5. Diversity: Evaluating sub-groups is essential for creating information with a real projection over healthcare website users. There are many medical sub-specialties, but there are classifications within healthcare problems that may improve navigability in a website. So we must keep age and sex in mind when clarifying searches. A paediatric patient has a different profile than an adult or geriatric patient. In some cases, a male patient may have a different navigational itinerary than a female patient. Solutions or responses to consultations in healthcare topics differ for males or females, which should be understood in the website's architecture. The diversity of sub-groups also has anthropological and cultural considerations. There are civilisations that provide the sufficient tradition and guarantee to be considered as a valid option in disease treatment, which may be included in websites with sufficient certifications. Therefore, these situations must be evaluated and included if they provide a real value to the user's consultation.

The algorithm with which search engines position a website in healthcare is the same one used in an auto dealership. No semantic based results are provided. A private clinic could be in the top position in a search for the word "cancer," while the best, independent expert approved information for patients on this disease would not appear. This shows that the Web is far from being able to resolve healthcare consultations as long as a semantic structure is not implemented. Search engines are private and commercial. Healthcare problems and their solutions are, or should be, public domain, creating a disagreement in aims. Would the large search engines locate the most useful and highest quality medical content at the top positions, without an economic retribution? For now, if a non-commercial website is of the highest quality, it would have to follow the same strategies as any other commercial website if it hopes to be visited most often. The implementation of the semantic web concept may be key to changing this environment.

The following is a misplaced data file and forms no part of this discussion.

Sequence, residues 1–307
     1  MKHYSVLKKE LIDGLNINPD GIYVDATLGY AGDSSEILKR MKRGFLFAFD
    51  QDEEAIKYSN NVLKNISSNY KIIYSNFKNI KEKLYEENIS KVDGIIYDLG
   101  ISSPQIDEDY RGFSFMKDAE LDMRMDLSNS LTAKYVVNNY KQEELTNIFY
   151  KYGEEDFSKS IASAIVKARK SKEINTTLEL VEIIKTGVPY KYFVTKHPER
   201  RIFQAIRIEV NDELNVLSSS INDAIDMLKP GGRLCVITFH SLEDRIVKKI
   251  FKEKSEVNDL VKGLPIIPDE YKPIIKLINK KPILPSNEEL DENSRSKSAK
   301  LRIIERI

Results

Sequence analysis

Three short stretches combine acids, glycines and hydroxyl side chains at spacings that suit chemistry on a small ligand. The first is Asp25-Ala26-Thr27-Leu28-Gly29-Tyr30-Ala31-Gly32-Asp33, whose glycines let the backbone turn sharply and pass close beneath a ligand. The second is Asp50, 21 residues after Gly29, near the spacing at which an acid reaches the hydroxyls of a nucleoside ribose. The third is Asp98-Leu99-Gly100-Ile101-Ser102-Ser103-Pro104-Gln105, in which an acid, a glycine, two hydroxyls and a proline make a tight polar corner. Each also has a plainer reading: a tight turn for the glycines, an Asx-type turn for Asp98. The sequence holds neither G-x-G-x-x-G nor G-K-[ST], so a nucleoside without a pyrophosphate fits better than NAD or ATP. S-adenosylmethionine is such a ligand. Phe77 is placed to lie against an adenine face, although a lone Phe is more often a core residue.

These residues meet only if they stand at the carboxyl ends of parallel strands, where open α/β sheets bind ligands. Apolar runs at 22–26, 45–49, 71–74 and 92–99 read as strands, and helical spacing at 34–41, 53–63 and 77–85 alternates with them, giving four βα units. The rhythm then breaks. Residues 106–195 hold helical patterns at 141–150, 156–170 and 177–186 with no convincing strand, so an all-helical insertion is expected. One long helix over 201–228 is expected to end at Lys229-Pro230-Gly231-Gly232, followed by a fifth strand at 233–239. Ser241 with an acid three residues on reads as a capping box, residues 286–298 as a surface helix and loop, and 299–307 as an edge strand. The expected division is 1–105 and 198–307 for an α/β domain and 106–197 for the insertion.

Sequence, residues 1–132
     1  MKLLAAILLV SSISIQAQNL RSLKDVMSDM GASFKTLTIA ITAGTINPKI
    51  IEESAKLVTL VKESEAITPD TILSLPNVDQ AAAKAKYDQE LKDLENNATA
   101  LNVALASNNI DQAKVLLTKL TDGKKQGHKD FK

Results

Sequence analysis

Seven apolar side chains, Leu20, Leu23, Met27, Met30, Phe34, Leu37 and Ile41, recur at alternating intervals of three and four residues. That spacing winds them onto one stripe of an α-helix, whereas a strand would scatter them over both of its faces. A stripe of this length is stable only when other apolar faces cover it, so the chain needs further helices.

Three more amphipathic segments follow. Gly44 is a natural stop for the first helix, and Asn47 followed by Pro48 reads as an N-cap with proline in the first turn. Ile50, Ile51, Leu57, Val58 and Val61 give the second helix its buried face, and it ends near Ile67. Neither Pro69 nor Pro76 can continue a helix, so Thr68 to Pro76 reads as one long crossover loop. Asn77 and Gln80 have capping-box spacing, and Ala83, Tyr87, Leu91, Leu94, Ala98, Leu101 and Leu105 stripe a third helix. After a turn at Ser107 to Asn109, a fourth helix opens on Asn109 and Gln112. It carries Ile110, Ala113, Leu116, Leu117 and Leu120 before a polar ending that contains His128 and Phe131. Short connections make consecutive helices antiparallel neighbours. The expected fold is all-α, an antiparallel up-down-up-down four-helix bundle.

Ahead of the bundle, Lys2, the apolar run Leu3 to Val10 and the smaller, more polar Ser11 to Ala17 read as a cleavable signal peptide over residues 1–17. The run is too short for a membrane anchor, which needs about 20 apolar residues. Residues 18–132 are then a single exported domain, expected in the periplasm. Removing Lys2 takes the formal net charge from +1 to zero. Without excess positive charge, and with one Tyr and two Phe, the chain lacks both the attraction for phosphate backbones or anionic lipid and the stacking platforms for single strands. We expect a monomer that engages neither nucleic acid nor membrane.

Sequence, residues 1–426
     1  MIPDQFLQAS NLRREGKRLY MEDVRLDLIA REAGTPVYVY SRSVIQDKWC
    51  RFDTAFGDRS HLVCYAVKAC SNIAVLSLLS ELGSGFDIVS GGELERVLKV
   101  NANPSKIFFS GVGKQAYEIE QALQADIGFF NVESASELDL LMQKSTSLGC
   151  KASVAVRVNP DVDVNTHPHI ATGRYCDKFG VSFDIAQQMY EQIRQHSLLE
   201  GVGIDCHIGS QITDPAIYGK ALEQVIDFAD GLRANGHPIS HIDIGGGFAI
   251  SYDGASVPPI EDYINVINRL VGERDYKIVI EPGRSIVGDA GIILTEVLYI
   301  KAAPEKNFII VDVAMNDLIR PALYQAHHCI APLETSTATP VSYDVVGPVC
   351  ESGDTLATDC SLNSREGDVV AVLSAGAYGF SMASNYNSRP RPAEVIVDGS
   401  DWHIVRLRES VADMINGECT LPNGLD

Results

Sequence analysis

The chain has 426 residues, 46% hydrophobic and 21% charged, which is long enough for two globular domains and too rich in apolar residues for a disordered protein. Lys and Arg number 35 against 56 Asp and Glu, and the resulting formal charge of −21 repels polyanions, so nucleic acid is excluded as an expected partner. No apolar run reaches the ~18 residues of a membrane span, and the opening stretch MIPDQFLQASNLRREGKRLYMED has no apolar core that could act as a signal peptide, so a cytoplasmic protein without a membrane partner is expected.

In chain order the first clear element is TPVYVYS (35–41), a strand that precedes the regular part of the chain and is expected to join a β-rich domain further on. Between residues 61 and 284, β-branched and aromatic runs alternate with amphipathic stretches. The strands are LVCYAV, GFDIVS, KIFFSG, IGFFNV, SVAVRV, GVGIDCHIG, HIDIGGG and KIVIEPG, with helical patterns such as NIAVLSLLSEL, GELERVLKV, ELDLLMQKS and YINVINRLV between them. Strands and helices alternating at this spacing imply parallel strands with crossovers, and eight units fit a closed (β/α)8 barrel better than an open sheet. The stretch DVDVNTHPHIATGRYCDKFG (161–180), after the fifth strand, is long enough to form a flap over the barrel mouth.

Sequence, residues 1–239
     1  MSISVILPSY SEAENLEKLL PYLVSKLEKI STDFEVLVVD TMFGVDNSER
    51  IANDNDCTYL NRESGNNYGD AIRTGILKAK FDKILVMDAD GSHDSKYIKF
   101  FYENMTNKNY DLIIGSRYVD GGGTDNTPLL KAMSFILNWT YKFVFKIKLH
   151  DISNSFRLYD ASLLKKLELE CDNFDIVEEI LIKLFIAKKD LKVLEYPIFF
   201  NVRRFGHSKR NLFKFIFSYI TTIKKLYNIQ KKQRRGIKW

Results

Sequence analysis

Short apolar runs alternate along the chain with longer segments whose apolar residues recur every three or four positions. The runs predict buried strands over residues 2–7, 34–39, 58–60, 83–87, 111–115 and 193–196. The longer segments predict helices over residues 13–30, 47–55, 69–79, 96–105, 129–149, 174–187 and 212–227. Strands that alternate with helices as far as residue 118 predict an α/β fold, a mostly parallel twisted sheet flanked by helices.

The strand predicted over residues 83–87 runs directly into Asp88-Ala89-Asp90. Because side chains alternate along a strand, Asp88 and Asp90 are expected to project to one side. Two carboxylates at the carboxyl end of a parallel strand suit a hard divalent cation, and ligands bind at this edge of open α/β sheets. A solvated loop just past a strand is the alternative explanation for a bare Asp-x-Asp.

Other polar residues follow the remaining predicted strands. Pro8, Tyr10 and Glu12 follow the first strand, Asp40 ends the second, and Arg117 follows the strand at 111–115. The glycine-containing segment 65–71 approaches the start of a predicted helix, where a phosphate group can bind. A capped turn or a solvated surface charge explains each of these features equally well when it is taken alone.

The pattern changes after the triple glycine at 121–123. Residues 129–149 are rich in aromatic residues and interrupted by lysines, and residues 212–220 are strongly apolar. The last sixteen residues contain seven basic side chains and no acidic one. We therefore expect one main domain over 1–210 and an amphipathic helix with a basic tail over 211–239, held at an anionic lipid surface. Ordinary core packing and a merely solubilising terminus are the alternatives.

3. Coherence in design, programming and contents: cholesterol

The research on healthcare content on the Internet is classified by medical specialties and by professional needs in the healthcare sector. But often, they are classified by the population's general demand or by patient groups. For this reason, in 2006 the Observatorio Comunicación y Salud del Instituto de Comunicación de la Universitat Autónoma de Barcelona suggested a multi-centre research project focused on studying the social projection of medical content. Their first case consisted in determining a scientific work methodology using a sample of websites on hypercholesterolemia.